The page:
Finally, there's some good news for UK mortgage borrowers: according to recent data, the number of mortgage deals available to borrowers has finally begun to climb up again, after months of a spectacular decline that has seen the total number of mortgage products more than halve between March and October 2020.
According to the latest data released as part of the Moneyfacts (opens in new tab) UK Mortgage Trends Treasury Report, the number of available mortgage deals finally has begun to climb back up this November, with the total number of mortgages now standing at 2,404 as opposed to the 2,259 back in October.
Unsurprisingly (though depressingly for first-time buyers), it's the lower LTV (loan-to value ratio) mortgages that have had the most number of products reintroduced, with 75 and 80 per cent mortgage seeing the biggest increases – 43 and 49 products respectively.
By grim contrast, the number of 90-per-cent mortgages has increased by just five, and there has been no improvement at all for those with just a five-per-cent deposit – which is to say, there currently aren't any deals available in this category, unless you're applying for Help to Buy.
Nevertheless, even the tiny increase in the number of 90 LTV mortgages is pointing to a mortgage market recovery. There's no doubt that it will be very slow to climb back up to pre-pandemic levels of product availability, when borrowers with a 10-per-cent deposit could choose from 779 deals (as opposed to just 56 as of this month). But the fact that the number of rising means that the pulling of deals by lenders was never meant to be a permanent measure but rather a temporary reaction.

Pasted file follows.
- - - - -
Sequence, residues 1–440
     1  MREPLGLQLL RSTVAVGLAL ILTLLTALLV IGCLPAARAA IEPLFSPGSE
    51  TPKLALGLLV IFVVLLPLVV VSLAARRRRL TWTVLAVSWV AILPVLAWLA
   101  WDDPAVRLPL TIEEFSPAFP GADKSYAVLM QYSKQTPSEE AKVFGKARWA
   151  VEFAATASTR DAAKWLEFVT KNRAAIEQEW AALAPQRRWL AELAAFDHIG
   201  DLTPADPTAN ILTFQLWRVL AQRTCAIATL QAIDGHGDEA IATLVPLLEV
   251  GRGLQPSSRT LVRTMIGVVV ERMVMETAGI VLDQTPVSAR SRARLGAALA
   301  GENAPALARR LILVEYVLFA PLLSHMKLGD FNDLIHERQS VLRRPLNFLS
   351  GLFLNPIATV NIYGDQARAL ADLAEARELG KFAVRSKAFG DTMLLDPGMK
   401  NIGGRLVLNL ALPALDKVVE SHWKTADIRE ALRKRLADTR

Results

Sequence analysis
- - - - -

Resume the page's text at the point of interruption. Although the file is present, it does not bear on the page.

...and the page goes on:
This means that if you do only have a 10-per-cent deposit, you needn't despair: more deals will become available in the next months. However, those planning to buy a home need to be aware of another trend that has coincided with the increase in the number of mortgage deals – the rising mortgage rates.
While we're not talking dramatic hikes, the trend is consistent across the mortgage product spectrum. On average, all mortgage rates in the 90-85 per cent range are now one per cent higher than in March for both two-year and five-year fixed rate deals. And the situation is evolving quickly, with the average shelf life of a mortgage product now just 28 days. Eleanor Williams, finance expert at Moneyfacts.co.uk, remarks that this 'is half the average shelf life we recorded of 56 days in February of this year, and suggests that borrowers have a limited time to secure their product of choice.'
If you have found a mortgage deal that works for you, don't delay: it may well not be there next month. If you're just at the beginning of your mortgage search, use Habito (opens in new tab)'s free comparison tool below to help you.